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Brooklyn Museum's Artist Ball Will Feature Large, Bold Table Settings

You eat with your eyes first, goes the old culinary proverb.

On Wednesday night, the dinner served at the Brooklyn Museum’s Brooklyn Artists Ball will be a visual feast thanks to the multisensory table environments created by 16 leading local artists.

“Having been to scores and scores of major fundraising events over a decade, it’s much more fun when there’s something to focus on other than the chicken on your plate,” said Arnold Lehman, director of the Brooklyn Museum.

This year’s ball is the museum’s fourth annual fundraising gala. Honorees include artists Jenny Holzer, Kehinde Wiley and Ai Weiwei, who Mr. Lehman described as an “honorary Brooklyn artist” because he lived there in the 1990s. Art patrons Jane and David Walentas will also be honored.

The Brooklyn Museum’s goal this year is to raise $1 million.

“Brooklyn has become the creative capital of the world,” said Mr. Lehman.

Mr. Lehman said the idea for the table installations grew out of a collective discussion at the museum about how to make the gala “much more exciting and visually stimulating and just more fun.”

The 16 artists tapped by the museum to create installations for the event include Ellen Altfest, Oliver Clegg, Rico Gatson, Orly Genger, Alejandro Guzman, Nina Katchadourian, Olek, Adam Parker Smith, Iona Rozeal Brown, Carrie Schneider, Alyson Shotz, Courtney Smith, Nick Van Woert, Marianne Vitale, Heeseop Yoon and Ghost of a Dream (comprised of Lauren Was and Adam Eckstrom).

Each artist will transform a 40-foot-long table into a unique installation to be on view for that night only.

This year, for the first time, the museum will allow the table displays to be purchased with proceeds shared with the artists.

“Everyone who attends is so taken with the artistic creativity on the table that people have wanted to by these works of art,” said Mr. Lehman.

“This year we’ve talked it through with the artists in advance and almost all of them are making available elements of their table design for sale.”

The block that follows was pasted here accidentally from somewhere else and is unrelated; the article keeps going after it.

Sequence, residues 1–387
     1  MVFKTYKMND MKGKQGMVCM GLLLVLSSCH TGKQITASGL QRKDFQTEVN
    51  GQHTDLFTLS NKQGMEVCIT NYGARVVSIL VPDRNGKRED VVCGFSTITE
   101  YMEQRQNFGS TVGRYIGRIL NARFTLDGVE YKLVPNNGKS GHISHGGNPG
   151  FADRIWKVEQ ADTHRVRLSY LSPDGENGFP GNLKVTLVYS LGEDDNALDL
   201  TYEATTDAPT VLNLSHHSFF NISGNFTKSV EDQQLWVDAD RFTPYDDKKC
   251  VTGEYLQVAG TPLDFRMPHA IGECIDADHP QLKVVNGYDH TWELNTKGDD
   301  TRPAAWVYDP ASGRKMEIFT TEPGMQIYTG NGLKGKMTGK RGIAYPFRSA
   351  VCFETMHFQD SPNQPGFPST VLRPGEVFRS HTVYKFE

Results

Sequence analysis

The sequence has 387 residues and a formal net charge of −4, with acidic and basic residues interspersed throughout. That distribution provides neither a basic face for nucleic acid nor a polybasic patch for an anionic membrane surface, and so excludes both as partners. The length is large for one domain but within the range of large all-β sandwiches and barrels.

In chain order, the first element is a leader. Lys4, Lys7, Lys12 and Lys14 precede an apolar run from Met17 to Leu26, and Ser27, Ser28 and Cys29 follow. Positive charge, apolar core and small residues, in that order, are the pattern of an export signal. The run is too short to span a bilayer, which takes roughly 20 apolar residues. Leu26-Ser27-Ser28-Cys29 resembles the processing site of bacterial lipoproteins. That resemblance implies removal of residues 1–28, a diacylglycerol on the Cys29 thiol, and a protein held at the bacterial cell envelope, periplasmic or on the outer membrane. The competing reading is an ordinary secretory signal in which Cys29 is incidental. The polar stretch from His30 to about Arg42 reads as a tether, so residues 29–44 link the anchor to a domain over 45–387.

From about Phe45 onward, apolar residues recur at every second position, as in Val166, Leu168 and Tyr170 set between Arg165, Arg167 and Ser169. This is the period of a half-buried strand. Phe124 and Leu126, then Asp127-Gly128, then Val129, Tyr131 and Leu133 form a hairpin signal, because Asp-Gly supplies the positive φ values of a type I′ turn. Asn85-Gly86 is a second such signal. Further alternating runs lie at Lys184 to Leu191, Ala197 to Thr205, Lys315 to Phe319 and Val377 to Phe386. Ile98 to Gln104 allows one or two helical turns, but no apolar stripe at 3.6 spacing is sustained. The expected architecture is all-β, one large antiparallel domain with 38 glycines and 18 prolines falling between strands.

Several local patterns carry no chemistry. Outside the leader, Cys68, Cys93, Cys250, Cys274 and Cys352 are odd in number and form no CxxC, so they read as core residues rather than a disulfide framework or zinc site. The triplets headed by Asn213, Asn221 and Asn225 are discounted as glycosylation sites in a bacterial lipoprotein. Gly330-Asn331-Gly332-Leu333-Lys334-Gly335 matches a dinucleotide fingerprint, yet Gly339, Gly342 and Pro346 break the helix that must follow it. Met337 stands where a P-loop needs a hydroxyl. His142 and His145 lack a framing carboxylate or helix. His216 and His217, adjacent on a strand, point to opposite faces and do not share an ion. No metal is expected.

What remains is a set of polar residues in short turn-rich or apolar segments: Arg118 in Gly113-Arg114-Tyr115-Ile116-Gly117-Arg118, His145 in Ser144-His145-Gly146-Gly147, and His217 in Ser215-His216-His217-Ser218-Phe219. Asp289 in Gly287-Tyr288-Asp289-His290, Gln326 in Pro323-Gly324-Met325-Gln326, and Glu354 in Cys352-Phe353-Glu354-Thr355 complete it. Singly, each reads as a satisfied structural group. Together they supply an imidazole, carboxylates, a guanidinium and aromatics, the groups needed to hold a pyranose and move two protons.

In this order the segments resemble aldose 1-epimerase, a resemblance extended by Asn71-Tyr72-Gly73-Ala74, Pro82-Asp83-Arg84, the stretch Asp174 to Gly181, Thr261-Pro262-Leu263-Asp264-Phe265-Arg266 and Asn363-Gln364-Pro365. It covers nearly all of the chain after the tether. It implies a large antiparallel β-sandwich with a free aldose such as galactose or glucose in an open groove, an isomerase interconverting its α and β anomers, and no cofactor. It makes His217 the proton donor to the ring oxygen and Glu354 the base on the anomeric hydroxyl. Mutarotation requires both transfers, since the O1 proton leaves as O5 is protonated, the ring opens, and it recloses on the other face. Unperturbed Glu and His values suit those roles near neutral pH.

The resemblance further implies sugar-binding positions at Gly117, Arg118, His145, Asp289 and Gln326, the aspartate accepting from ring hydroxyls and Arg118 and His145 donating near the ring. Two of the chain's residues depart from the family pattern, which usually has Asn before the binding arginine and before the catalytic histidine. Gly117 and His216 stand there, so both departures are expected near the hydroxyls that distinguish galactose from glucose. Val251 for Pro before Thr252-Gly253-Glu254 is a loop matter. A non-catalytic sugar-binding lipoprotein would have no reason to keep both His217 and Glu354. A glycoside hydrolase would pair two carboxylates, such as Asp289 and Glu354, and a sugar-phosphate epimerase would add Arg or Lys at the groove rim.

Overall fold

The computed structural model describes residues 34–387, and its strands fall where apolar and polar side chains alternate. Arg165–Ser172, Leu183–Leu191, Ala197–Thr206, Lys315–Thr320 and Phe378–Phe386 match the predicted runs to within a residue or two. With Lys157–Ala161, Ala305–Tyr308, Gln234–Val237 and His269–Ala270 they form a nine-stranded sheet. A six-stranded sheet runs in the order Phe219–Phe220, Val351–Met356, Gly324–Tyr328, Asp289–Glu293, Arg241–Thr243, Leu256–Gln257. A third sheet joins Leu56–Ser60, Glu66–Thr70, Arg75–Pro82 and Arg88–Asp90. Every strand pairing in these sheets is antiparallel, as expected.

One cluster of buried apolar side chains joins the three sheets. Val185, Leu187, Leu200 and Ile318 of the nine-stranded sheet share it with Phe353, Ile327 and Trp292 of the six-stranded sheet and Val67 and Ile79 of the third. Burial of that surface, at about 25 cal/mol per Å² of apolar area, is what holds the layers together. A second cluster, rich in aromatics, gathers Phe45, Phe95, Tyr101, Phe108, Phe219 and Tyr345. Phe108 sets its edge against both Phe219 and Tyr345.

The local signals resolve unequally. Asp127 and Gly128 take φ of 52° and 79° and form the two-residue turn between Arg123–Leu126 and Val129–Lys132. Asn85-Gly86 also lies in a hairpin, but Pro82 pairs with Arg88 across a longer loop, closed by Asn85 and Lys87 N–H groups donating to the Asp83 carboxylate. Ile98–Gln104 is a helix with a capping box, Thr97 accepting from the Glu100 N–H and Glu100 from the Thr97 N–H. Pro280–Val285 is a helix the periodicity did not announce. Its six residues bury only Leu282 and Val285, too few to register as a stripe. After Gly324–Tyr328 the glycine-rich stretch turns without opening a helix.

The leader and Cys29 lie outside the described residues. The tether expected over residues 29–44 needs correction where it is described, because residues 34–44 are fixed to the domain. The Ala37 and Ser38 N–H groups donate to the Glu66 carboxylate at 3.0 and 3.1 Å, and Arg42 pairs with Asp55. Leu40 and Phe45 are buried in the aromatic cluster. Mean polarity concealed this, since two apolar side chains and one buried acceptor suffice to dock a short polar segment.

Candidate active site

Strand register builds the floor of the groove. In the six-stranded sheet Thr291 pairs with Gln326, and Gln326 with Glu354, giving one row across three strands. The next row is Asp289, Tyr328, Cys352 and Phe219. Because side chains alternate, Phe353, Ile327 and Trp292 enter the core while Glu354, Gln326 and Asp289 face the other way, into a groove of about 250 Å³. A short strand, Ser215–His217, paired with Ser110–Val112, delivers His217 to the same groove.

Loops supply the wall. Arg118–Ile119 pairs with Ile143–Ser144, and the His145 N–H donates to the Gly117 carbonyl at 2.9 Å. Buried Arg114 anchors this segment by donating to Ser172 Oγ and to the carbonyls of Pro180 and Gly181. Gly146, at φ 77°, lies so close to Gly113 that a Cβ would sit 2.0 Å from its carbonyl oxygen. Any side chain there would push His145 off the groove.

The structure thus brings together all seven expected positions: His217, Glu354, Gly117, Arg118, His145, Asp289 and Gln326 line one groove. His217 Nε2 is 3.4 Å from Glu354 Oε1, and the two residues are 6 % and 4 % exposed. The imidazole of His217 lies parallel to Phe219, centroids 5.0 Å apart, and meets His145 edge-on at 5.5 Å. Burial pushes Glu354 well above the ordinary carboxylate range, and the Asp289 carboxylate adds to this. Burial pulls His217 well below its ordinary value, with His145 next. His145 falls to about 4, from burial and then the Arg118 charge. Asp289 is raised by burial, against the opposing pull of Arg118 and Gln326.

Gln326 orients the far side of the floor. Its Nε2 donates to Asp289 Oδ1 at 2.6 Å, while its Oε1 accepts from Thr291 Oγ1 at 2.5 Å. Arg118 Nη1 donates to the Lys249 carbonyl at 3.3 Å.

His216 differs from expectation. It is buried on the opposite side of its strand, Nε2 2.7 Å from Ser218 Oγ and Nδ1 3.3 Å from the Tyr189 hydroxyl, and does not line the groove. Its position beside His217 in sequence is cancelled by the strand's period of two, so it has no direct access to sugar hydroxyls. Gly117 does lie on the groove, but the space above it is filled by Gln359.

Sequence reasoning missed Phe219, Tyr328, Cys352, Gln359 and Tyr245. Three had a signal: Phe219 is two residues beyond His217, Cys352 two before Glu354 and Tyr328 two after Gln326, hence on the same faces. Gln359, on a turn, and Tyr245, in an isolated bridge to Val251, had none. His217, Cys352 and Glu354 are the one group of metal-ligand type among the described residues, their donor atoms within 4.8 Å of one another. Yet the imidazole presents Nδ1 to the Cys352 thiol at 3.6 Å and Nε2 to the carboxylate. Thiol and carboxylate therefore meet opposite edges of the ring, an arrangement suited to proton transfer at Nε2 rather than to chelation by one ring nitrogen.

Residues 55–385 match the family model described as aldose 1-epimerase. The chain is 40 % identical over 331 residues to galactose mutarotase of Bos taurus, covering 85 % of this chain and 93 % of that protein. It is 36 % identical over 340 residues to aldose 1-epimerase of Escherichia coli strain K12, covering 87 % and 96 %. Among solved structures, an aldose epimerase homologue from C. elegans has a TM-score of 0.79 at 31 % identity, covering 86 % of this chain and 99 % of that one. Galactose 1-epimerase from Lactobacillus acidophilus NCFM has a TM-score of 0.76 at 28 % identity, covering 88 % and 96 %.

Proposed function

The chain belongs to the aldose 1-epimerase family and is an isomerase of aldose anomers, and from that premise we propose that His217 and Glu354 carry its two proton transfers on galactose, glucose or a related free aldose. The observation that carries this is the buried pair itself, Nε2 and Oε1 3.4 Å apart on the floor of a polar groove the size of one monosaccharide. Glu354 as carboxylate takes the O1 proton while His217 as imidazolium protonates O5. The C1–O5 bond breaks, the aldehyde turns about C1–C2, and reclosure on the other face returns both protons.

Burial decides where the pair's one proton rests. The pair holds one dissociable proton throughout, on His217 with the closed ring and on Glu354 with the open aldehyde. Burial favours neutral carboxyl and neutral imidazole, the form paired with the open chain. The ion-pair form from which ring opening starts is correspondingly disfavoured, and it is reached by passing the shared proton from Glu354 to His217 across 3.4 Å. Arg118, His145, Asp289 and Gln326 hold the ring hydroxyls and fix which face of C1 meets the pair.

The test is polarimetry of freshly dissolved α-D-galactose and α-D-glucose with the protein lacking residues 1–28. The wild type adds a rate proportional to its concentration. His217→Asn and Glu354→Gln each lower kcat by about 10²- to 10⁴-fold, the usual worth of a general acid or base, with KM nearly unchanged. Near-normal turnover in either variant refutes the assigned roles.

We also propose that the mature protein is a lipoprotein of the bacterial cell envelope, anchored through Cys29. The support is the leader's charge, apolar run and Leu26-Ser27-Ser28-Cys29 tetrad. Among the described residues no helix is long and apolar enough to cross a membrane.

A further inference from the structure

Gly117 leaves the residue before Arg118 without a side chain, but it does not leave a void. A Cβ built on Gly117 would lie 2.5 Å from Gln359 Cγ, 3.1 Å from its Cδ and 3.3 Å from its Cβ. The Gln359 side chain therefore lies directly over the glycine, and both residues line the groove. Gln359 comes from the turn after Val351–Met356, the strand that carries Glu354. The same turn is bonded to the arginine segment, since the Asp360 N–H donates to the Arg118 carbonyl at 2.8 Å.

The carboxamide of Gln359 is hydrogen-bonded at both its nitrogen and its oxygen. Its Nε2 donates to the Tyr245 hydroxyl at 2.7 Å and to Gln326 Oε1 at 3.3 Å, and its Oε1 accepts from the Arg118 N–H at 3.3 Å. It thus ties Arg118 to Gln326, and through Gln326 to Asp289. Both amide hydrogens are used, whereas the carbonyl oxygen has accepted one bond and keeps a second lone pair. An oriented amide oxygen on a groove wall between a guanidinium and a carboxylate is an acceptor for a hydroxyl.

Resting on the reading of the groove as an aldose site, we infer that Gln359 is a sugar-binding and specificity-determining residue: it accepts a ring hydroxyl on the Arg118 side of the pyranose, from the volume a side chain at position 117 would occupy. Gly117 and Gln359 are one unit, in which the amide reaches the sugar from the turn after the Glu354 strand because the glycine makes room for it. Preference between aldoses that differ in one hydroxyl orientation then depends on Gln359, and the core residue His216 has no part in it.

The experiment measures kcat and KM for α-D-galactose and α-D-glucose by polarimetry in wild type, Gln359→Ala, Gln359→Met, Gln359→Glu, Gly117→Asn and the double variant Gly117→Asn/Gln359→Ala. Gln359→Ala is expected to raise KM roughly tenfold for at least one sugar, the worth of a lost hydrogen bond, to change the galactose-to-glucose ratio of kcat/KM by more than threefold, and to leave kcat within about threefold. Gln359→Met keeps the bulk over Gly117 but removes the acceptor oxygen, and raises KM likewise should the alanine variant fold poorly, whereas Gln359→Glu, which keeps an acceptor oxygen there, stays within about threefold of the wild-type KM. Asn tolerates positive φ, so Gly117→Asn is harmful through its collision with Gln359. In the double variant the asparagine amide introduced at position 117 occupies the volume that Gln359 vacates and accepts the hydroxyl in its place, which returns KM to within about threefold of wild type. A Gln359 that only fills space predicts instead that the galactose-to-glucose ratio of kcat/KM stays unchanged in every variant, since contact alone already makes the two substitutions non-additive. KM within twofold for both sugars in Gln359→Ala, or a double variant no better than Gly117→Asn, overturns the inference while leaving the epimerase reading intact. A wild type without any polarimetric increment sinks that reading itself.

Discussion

The museum provides a stipend for materials and reviews the designs to make sure they’re not dangerous.

All 16 artists are expected to attend the ball, and will be seated with their works so they can discuss them with other guests.

“It really makes for a much more interesting evening,” said Mr. Lehman.

Ms. Katchadourian, a visual artist, is best known for her 2011 photo series “Lavatory Self-Portraits in the Flemish Style” in which she used objects found in an airplane bathroom such as sanitary toilet seat cover to fashion Dutch period accessories.

“I was inspired by what can you make out of very little under circumstances where art doesn’t seem very possible,” said Ms. Katchadourian, who works in a range of media including photography, installation, video, sound-based work and public projects.

“I try to work with mundane materials to create a transformation.”

For the ball, Ms. Katchadourian has created kits so guests can recreate a portrait from the Brooklyn Museum’s permanent collection.

The kits will include items such as nylon stockings, vinyl hairdressing salon robes, swim caps and brown plastic bags.

“I’m hoping that people play along and we become a group of historical paintings,” said Ms. Katchadourian.

“Several of the paintings will be on the walls right behind the table so people can see themselves as the portraits.”

At the table designed by contemporary artist Marianne Vitale, each guest will receive a mixed-media mask sculpture made from materials including paper plates, cardboard, plastic, tinfoil and then bound with plaster gauze.

“They are mediums of transformation,” said Ms. Vitale. “The guests can use them to disguise themselves, hide behind, or as simple conversation pieces. They can also be ignored.”

Agata Oleksiak, a Polish-born artist who creates art under the name Olek and is known as Crocheted Olek, has been working on her table installation since last October.

Ms. Oleksiak said she has crocheted little monsters and animals as well as vegetables, bowls, and a skeleton and a performer who will be seated at the table.

“It’s all crocheted and colorful, rainbow colors,” said Ms. Oleksiak, who on Monday said she might turn to Craigslist to find a date.

“I don’t even have time to find a date for the ball, I’m too busy making this art!”